Agrifund claimed that, on August 31, 2015, Caldwell Bank converted third-party checks to two cashier's checks payable to Dickerson entities and these transactions were approved by Wilson.

         On October 23, 2015, Agrifund claimed that Dickerson presented a check payable to Joseph Blake Lively, which was not deposited to his account. Rather, a cashier's check was issued payable to DPF Harvest.

         On November 2, 2015, a check payable to B&T Farms, which had no account with Caldwell Bank, was presented and a cashier's check was issued payable to Dickerson Farming Partnership. The check was initialed by Wilson.

         On November 5, 2015, two checks drawn on Commercial Capital and payable to Number Two Farms, which did not have an account at Caldwell Bank, were presented at Caldwell Bank and two cashier's checks were issued to Tough Luck Farms. These checks were then deposited at Commercial Capital to cover an overdraft.

         Agrifund claimed that, in early December 2015, a check for grain subject to its security interest, payable to Yes Farms and Caldwell Bank, was presented to Caldwell Bank. Yes Farms did not have an account at Caldwell Bank and did not have any outstanding loans there. A cashier's check payable to Dickerson was issued and was approved by Wilson.

         Regarding Commercial Capital, Agrifund alleged that the bank assisted Dickerson in his check kiting scheme, and, instead of shutting down Dickerson and the Dickerson entities, the bank gave Dickerson a bailout loan of $1, 849, 646.50. Agrifund contended that a bank memo associated with this loan falsely stated that the loan was made because Dickerson had weather delays in harvesting his crops.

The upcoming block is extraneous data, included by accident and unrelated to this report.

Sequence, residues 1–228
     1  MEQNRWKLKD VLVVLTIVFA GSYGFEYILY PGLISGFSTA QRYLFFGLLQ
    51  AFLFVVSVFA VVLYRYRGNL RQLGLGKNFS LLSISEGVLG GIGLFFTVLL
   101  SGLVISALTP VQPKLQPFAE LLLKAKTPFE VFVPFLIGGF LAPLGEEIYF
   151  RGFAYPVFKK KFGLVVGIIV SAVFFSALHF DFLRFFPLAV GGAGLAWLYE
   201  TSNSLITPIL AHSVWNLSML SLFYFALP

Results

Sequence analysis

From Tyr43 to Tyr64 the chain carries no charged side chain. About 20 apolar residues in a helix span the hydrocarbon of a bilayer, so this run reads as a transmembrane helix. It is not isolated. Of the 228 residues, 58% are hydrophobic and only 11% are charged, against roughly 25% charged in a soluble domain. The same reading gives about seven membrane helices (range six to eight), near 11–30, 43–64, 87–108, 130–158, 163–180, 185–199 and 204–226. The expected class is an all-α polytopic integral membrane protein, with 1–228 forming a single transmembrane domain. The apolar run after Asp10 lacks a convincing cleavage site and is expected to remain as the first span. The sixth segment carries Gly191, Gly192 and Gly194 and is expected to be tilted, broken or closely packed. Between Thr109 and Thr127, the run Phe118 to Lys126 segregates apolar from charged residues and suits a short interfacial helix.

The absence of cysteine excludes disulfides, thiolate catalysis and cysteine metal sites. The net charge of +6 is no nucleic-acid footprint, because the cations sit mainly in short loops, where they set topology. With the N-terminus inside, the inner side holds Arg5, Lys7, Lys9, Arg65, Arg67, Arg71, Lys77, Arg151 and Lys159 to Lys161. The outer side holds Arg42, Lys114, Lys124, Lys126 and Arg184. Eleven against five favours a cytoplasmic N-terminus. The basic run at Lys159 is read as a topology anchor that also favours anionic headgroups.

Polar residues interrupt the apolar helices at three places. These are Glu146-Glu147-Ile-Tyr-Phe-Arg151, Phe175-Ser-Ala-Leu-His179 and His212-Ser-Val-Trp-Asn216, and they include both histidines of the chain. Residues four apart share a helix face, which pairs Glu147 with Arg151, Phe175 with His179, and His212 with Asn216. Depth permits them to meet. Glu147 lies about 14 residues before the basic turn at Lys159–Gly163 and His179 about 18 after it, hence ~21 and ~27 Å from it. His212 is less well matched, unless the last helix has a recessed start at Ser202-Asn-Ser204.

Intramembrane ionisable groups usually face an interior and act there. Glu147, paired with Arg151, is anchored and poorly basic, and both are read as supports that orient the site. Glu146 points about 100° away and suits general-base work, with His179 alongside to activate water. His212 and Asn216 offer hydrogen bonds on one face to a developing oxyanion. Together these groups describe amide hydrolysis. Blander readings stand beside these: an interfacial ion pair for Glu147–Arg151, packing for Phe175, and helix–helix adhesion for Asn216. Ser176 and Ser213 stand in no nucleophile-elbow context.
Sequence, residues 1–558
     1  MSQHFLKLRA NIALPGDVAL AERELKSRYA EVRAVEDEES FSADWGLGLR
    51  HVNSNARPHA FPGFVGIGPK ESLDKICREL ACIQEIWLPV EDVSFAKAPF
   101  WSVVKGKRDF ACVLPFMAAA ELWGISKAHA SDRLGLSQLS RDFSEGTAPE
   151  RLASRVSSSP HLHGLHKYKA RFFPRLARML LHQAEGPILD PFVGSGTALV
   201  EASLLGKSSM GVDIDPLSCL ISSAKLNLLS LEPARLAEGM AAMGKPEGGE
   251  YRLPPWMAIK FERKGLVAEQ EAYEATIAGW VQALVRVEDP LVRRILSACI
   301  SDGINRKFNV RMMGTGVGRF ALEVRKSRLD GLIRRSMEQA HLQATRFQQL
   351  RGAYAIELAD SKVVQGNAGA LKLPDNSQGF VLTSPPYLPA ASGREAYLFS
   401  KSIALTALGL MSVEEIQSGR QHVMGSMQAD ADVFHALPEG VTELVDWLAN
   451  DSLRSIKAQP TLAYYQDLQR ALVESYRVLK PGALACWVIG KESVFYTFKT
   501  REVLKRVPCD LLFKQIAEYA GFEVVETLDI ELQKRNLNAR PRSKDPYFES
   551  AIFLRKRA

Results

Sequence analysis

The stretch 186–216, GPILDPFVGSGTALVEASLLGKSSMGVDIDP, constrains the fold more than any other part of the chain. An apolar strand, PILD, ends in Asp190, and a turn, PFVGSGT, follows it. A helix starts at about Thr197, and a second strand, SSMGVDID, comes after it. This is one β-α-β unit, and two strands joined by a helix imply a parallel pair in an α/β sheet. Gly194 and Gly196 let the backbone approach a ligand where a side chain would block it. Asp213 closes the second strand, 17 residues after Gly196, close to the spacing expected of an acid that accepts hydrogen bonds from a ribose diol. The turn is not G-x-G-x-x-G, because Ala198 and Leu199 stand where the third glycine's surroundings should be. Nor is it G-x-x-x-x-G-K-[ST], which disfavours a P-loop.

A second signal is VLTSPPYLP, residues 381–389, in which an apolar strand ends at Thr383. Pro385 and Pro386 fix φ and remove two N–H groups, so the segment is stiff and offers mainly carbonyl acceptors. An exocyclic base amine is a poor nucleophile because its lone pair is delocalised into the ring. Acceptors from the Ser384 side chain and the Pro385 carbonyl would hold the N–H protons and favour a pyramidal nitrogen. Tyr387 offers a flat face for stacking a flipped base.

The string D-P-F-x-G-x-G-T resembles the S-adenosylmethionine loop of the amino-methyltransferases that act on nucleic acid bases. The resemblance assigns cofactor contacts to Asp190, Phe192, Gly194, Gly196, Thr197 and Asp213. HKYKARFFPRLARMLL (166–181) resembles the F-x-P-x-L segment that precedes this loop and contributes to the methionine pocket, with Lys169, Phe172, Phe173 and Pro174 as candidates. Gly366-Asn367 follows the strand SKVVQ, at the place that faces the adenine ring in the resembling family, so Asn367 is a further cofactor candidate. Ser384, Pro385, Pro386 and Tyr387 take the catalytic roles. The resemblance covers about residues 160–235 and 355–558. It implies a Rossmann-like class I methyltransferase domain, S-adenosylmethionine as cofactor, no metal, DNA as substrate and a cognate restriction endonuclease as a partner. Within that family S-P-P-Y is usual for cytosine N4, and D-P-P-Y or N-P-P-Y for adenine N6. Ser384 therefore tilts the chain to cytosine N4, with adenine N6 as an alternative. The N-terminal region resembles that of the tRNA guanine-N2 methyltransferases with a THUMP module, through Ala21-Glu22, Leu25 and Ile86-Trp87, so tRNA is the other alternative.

Agrifund asserted that all the defendants engaged in fraud and conspiracy to commit fraud by misrepresenting or suppressing the truth in order to gain an unjust advantage for Dickerson and for themselves. Agrifund claimed the conspiracy involved more than 283 checks which were issued for no legitimate business purpose. The company maintained that the banks were required by banking regulations to monitor Dickerson's transactions and to file reports for transactions they knew or suspected to be suspicious.[4] Agrifund contended that all the defendants engaged in a pattern of racketeering activity under La. R.S. 15:1352. Agrifund asserted that all defendants, other than the banks, engaged in unfair trade practices in violation of LUTPA. Agrifund claimed that only the banks, Caldwell Bank, FSB, and Commercial Capital, committed conversion by improperly diverting the proceeds from the sale of crops, which belonged to Agrifund by virtue of its security interests, to other entities that had no interest in the proceeds.

         Exceptions of no cause of action were again filed by the bank defendants and the accounting defendants. After a hearing, the trial court issued written reasons, again sustaining the exceptions as to all the movants. The trial court found: (1) Agrifund failed to allege facts showing causation between the appellees' actions and Agrifund's damages; (2) Agrifund failed to show that the appellees owed a duty to Agrifund; and (3) McCain and Wilson, as employees of FDIC-insured banks, were exempt from Agrifund's LUTPA claims under La. R.S. 51:1406. With regard to the conversion claim, the trial court reasoned that the crop storage loan replaced the crop production loan and that any conduct prior to January 2016 was not the cause of any damage. No analysis, discussion, or consideration of the plaintiff's rights under its security interests was included in the reasons for judgment. The trial court rendered a final judgment dismissing Agrifund's claims against the appellees with prejudice. Agrifund appealed.

         EXCEPTIONS OF NO CAUSE OF ACTION